Some were angry. Animals rights charities condemned the dress, with Peta calling it “offensive” and saying “there are more people who are upset by butchery than who are impressed by it.”
In a post-show interview with Ellen DeGeneres, Gaga said no offence was intended, and explained that the dress was a statement protesting the US military’s “Don’t Ask, Don’t Tell” policy – which prevented service people from disclosing their sexual identity. “For me this evening it’s [saying], ‘If we don’t stand up for what we believe in, if we don’t fight for our rights, pretty soon we’re going to have as much rights as the meat on our bones’.” A week later, she appeared at a rally calling for the repeal of the policy and gave an address entitled “The Prime rib of America”. The law was formally repealed three months later.
Lady Gaga said that when she wore the Marc Jacobs suit at a 2018 awards ceremony, ‘I felt the truth of who I am well up in my gut’ (Credit: Getty Images)
In the years that followed, Gaga continued to use fashion as a mode of activism. At the 2018 Elle Women in Hollywood Awards, she wore an oversized suit. In a speech referencing her own sexual assault, she explained that choosing the outfit over dresses was a way to “take the power back… today I wear the pants.”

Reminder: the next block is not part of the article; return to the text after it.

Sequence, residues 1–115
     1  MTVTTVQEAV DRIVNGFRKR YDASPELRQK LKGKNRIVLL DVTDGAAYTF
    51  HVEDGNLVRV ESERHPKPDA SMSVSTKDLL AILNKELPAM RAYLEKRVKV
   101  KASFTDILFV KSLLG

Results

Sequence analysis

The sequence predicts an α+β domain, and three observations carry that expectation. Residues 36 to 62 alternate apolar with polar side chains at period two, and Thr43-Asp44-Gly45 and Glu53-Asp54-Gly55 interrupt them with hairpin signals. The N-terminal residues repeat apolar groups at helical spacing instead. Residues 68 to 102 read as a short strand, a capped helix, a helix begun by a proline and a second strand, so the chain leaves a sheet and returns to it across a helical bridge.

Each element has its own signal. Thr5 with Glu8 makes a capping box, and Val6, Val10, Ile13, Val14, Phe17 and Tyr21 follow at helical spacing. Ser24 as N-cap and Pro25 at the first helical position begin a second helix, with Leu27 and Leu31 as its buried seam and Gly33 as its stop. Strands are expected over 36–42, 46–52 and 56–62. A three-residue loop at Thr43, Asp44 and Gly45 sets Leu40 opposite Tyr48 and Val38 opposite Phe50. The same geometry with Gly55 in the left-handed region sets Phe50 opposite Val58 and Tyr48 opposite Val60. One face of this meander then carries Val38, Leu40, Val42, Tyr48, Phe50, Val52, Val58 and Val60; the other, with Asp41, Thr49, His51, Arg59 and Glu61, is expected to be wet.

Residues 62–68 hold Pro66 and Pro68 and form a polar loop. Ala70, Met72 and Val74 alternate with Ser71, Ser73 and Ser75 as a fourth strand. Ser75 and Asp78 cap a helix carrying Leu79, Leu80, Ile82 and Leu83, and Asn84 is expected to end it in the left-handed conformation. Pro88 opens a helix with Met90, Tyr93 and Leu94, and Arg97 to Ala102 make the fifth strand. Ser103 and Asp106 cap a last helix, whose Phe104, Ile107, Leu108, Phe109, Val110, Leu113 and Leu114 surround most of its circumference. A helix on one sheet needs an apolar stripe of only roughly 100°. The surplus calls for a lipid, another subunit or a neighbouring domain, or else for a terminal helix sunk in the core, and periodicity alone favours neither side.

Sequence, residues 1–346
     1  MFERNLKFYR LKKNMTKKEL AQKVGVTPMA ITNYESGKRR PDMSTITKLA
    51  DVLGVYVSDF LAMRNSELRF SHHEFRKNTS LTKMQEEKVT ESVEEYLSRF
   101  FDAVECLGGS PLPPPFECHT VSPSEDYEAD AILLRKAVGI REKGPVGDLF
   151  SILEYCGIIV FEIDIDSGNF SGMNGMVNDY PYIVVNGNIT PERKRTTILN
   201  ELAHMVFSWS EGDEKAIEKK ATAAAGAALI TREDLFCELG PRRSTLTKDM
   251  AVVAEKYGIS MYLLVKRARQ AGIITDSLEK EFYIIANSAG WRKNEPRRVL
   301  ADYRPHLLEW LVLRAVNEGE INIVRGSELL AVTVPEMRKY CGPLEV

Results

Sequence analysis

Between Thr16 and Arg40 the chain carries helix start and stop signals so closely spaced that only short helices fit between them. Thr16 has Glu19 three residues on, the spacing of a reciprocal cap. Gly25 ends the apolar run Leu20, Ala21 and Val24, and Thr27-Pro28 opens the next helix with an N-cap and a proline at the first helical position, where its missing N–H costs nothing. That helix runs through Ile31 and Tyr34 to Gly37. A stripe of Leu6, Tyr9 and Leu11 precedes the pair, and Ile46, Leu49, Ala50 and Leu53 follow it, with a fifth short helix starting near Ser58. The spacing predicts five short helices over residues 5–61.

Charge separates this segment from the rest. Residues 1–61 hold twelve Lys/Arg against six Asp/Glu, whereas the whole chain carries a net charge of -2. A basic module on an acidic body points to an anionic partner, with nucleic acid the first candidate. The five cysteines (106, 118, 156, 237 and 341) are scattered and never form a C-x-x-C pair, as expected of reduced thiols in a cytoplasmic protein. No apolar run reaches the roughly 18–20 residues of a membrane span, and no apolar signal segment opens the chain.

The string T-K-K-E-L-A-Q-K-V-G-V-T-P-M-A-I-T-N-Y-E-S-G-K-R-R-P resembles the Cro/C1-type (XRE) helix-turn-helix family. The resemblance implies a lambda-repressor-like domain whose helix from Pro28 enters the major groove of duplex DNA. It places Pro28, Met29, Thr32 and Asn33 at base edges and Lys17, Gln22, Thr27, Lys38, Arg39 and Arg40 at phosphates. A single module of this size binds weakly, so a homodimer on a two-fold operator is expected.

Gaga certainly wasn’t the first to use fashion as protest – but she did embrace it at a time when the red carpet had become a place of few risks. Post Bjork’s 2001 swan dress, A-listers had been playing it safe for fear of attracting negative attention. But post Gaga’s meat moment, activism has slowly crept back on to the red carpet, albeit in not quite such a dramatic fashion.
When the Cannes Film Festival said heels were mandatory for women, some actresses turned up barefoot. The 2017 #metoo movement resulted in several red carpet protests against sexual assault in the industry – from wearing suits to all-black dress codes. There have also been statements on sustainability, equal pay, climate change and Russia’s invasion of Ukraine.
As well as being covered with Swarovski crystals for Schiaparelli’s 2023 show, Doja Cat has sported gold body paint and chicken feet boots on the red carpet (Credit: Getty Images)
Gaga didn’t just help revive protest on the red carpet, but performance art too. Recently, Doja Cat has taken up the mantle, with outfits including being painted head-to-toe in red and covered in 30,000 Swarovski crystals, and dressing as Karl Lagerfeld’s cat, Choupette.
No one does it quite like Gaga, though. At the 2019 Met Gala – where the theme was “Camp: Notes on Fashion” – she asked Anna Wintour for an unprecedented 20-minute slot on the red (or rather, pink) carpet to transition through several costume changes in a performance that she had rehearsed for three weeks.
As for the meat dress – a taxidermist used bleach, formaldehyde and detergent to preserve the dress, and it now lives in Cleveland’s Rock and Roll Hall of Fame. “It’s got a very weird, gross texture,” says Fernandez. “It’s definitely a little greyer.”